DES (Data Encryption Standard) Algorithm
DES was one of the earliest official encryption algorithms. It was developed by IBM in 1970 and was subsequently adopted as a standard in 1977. But in current times, it is considered insecure because it has been proved to be vulnerable to brute force attack given the substantial increase in today’s computing power as compared to the 1970s.
DES uses a small key-size of 56 bits to encrypt data and it is this small key size that makes it vulnerable to brute force attack - an attack that tries every possible combination of the key until it succeeds. For a 56 bit key length, 256 keys are possible and a brute force algorithm will try all of these to break the encryption.
In 2006, a hardware machine COPACABANA was built which substantially parallelized the generation of keys and decryption process to demonstrate publicly that DES algorithm based encryption can be broken down in no more than 2 days. Since then, the brute force attack has been optimized even more to break DES in less than a day.
To overcome the shortcomings of DES algorithm, Triple DES was introduced which as the name suggests, uses DES three times to offer better protection against brute force attack.
Triple DES uses the following algorithm:
ciphertext = EK3(DK2(EK1(non-encrypted material)))
Decryption performs the above in opposite order:
decrypted material = DK1(EK2(DK3(ciphertext)))
Here EK3 and EK1 are encryption algorithms and DK2 is a decryption algorithm.
T-DES thus encrypts with key K1, then decrypts with key K2 and then encrypts again with yet another key K3.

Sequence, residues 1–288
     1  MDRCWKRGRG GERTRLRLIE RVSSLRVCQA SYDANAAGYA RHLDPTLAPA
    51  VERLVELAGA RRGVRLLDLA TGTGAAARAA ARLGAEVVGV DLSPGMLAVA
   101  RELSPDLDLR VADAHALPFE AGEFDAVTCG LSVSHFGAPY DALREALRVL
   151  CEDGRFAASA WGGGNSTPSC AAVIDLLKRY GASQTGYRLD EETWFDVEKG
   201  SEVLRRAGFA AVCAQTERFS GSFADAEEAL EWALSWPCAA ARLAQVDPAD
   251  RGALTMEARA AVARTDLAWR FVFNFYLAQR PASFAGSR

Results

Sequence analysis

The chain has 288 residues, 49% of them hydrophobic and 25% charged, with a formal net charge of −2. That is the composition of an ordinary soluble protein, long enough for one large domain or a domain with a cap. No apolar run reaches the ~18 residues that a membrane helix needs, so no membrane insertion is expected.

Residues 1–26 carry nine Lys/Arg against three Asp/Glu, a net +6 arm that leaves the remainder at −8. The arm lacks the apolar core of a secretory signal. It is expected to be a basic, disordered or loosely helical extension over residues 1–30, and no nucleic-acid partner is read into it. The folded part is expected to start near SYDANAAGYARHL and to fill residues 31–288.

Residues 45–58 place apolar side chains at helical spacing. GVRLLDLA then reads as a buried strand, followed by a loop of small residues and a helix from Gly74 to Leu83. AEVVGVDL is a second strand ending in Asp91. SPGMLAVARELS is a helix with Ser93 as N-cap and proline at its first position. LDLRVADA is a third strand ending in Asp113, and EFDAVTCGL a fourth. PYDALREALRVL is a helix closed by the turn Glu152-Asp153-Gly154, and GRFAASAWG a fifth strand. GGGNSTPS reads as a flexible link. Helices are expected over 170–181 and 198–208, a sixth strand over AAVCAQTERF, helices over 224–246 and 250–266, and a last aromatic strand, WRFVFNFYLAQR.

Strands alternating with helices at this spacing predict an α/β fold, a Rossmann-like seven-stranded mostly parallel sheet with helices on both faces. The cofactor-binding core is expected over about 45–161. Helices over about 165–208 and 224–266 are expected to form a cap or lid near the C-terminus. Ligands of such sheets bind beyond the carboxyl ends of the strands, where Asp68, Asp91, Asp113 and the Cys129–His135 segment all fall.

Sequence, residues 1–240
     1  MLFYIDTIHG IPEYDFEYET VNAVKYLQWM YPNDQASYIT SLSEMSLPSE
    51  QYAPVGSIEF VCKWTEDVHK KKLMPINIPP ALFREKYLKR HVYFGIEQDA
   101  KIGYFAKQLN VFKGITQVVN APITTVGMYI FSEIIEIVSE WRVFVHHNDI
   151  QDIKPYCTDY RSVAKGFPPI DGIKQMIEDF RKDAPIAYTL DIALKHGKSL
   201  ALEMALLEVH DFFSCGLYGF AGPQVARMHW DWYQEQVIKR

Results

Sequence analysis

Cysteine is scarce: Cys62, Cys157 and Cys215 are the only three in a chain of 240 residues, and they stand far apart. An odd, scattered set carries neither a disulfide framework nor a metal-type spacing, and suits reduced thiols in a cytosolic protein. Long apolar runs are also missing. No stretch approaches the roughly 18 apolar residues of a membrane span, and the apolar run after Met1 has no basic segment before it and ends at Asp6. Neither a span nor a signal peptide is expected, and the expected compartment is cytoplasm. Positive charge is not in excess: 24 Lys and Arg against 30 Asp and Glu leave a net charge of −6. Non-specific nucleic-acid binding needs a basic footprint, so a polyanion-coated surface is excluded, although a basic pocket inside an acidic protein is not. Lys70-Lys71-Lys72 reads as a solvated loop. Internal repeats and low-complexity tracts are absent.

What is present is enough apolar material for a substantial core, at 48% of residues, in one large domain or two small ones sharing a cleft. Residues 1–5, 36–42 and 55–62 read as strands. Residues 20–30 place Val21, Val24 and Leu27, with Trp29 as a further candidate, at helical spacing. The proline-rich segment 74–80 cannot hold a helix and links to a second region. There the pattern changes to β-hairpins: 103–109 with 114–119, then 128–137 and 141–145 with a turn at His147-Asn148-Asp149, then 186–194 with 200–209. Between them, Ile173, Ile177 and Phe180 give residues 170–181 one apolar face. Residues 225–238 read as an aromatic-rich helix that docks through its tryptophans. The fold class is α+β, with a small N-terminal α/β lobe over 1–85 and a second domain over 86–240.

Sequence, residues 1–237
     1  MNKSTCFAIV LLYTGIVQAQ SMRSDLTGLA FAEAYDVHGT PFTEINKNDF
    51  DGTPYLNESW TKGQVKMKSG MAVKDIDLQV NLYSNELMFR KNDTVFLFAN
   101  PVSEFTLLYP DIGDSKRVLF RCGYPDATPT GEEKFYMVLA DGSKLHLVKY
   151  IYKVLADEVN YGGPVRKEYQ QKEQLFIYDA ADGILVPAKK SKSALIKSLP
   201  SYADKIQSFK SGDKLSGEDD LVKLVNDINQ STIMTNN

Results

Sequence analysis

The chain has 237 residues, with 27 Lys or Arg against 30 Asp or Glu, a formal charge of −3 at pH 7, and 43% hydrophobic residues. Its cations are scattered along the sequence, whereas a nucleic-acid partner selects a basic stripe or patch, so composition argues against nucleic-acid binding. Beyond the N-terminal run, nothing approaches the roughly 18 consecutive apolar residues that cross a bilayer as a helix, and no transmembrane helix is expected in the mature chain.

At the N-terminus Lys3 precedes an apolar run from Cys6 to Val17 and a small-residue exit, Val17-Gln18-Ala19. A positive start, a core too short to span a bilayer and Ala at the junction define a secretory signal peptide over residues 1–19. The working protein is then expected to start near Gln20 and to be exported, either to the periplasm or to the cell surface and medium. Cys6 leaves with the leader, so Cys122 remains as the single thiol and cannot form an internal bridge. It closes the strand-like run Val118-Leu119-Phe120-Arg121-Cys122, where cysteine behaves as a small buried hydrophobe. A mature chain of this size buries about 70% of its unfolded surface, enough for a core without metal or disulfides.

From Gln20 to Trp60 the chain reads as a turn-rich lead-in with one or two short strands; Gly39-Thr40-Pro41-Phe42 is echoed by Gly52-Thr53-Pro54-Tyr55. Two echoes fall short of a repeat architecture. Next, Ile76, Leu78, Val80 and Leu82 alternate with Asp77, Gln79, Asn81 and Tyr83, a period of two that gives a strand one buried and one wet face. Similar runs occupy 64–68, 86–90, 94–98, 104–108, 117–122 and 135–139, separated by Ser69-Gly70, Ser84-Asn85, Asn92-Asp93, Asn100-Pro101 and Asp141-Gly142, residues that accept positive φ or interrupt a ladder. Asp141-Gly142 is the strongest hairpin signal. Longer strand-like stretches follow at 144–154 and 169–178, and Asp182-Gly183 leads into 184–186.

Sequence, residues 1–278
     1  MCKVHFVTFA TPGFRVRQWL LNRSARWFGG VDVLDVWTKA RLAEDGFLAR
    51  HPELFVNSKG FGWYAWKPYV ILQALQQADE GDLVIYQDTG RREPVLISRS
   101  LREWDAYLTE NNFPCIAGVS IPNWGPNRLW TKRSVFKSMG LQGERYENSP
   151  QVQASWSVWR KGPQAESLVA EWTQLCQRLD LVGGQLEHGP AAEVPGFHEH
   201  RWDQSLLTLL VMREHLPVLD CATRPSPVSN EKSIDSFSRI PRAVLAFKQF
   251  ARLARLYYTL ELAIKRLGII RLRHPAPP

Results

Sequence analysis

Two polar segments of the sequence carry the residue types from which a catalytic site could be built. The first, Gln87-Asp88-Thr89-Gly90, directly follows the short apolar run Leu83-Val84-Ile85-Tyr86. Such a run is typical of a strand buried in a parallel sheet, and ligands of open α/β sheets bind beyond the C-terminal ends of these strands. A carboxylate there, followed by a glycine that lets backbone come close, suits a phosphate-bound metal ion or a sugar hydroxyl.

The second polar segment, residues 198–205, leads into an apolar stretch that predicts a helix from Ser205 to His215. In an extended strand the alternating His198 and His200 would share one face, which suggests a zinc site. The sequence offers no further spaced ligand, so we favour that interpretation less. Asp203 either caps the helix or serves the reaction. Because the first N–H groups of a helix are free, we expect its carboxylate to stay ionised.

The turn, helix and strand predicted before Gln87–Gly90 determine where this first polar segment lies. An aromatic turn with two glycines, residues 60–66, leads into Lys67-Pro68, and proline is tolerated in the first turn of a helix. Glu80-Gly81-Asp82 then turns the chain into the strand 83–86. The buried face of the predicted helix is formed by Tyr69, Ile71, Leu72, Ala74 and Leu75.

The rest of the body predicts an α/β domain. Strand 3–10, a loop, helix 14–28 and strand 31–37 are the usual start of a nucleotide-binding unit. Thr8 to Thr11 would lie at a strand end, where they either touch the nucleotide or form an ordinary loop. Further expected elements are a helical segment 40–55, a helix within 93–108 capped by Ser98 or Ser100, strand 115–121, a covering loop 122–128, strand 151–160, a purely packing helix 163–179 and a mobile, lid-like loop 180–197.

Since DES key size is 56 bits, the T-DES offers a protection equivalent to key-size of 3x56 = 168 bits. T-DES comes in 3 variants, each with different key-size:
The strongest variant of T-DES with protection of 168 bits is considered practically immune to brute force attack for a long time to come.
While DES is no longer secure, T-DES offers security but is very slow. Another algorithm developed in 2001 and adopted widely as a standard since 2002 is AES. AES offers key-size protection in 128, 192 and 256 bit flavours and is much faster as compared to T-DES.
AES protection is infact so perfect that by today’s computing standards it will take a trillion normal machines, billions of years to crack an AES key. Yet experts expect the AES algorithm to be breakable in the next 30 odd years due to advances in hardware, algorithms and paradigm changes in computing such as the advent of quantum computers.
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